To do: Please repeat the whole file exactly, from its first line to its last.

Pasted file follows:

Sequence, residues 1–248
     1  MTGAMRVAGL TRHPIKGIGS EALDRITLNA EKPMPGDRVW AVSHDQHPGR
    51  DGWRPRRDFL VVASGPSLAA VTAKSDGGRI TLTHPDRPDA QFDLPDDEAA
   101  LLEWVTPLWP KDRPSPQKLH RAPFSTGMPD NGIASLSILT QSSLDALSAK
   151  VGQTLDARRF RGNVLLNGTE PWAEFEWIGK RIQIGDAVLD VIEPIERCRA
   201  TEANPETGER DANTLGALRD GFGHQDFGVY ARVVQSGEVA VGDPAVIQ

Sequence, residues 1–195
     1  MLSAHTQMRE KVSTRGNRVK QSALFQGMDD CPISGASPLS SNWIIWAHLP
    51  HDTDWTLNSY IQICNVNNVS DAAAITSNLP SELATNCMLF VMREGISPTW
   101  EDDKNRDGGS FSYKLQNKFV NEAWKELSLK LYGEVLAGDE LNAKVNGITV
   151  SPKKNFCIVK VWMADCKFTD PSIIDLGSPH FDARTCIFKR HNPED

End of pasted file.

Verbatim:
Sequence, residues 1–248
     1  MTGAMRVAGL TRHPIKGIGS EALDRITLNA EKPMPGDRVW AVSHDQHPGR
    51  DGWRPRRDFL VVASGPSLAA VTAKSDGGRI TLTHPDRPDA QFDLPDDEAA
   101  LLEWVTPLWP KDRPSPQKLH RAPFSTGMPD NGIASLSILT QSSLDALSAK
   151  VGQTLDARRF RGNVLLNGTE PWAEFEWIGK RIQIGDAVLD VIEPIERCRA
   201  TEANPETGER DANTLGALRD GFGHQDFGVY ARVVQSGEVA VGDPAVIQ

Sequence, residues 1–195
     1  MLSAHTQMRE KVSTRGNRVK QSALFQGMDD CPISGASPLS SNWIIWAHLP
    51  HDTDWTLNSY IQICNVNNVS DAAAITSNLP SELATNCMLF VMREGISPTW
   101  EDDKNRDGGS FSYKLQNKFV NEAWKELSLK LYGEVLAGDE LNAKVNGITV
   151  SPKKNFCIVK VWMADCKFTD PSIIDLGSPH FDARTCIFKR HNPED